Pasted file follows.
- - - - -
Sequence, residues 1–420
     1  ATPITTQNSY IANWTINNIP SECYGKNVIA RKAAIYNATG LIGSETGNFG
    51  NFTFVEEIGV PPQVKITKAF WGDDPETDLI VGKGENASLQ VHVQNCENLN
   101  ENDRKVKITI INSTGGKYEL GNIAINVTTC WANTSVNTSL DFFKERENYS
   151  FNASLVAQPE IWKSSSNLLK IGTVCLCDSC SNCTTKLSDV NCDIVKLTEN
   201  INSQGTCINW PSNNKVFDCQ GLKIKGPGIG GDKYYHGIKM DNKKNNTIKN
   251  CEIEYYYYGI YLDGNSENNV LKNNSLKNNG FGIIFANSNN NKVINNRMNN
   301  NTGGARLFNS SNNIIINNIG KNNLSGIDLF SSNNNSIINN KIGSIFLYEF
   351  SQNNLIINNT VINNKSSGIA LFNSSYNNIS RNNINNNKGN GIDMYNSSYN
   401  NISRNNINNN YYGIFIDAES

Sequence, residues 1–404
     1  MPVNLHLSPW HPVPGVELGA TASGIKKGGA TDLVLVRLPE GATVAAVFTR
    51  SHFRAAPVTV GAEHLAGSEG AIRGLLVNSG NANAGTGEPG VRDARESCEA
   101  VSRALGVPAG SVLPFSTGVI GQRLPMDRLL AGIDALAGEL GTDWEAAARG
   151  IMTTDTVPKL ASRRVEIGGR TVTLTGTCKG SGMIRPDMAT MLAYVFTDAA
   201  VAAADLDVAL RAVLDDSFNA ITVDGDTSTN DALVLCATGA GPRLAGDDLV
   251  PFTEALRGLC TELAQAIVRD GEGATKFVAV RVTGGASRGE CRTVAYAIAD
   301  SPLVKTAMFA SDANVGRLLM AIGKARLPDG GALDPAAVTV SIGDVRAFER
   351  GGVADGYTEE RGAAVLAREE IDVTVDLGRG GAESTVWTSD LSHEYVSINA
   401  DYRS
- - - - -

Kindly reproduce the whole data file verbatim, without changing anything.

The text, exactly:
Sequence, residues 1–420
     1  ATPITTQNSY IANWTINNIP SECYGKNVIA RKAAIYNATG LIGSETGNFG
    51  NFTFVEEIGV PPQVKITKAF WGDDPETDLI VGKGENASLQ VHVQNCENLN
   101  ENDRKVKITI INSTGGKYEL GNIAINVTTC WANTSVNTSL DFFKERENYS
   151  FNASLVAQPE IWKSSSNLLK IGTVCLCDSC SNCTTKLSDV NCDIVKLTEN
   201  INSQGTCINW PSNNKVFDCQ GLKIKGPGIG GDKYYHGIKM DNKKNNTIKN
   251  CEIEYYYYGI YLDGNSENNV LKNNSLKNNG FGIIFANSNN NKVINNRMNN
   301  NTGGARLFNS SNNIIINNIG KNNLSGIDLF SSNNNSIINN KIGSIFLYEF
   351  SQNNLIINNT VINNKSSGIA LFNSSYNNIS RNNINNNKGN GIDMYNSSYN
   401  NISRNNINNN YYGIFIDAES

Sequence, residues 1–404
     1  MPVNLHLSPW HPVPGVELGA TASGIKKGGA TDLVLVRLPE GATVAAVFTR
    51  SHFRAAPVTV GAEHLAGSEG AIRGLLVNSG NANAGTGEPG VRDARESCEA
   101  VSRALGVPAG SVLPFSTGVI GQRLPMDRLL AGIDALAGEL GTDWEAAARG
   151  IMTTDTVPKL ASRRVEIGGR TVTLTGTCKG SGMIRPDMAT MLAYVFTDAA
   201  VAAADLDVAL RAVLDDSFNA ITVDGDTSTN DALVLCATGA GPRLAGDDLV
   251  PFTEALRGLC TELAQAIVRD GEGATKFVAV RVTGGASRGE CRTVAYAIAD
   301  SPLVKTAMFA SDANVGRLLM AIGKARLPDG GALDPAAVTV SIGDVRAFER
   351  GGVADGYTEE RGAAVLAREE IDVTVDLGRG GAESTVWTSD LSHEYVSINA
   401  DYRS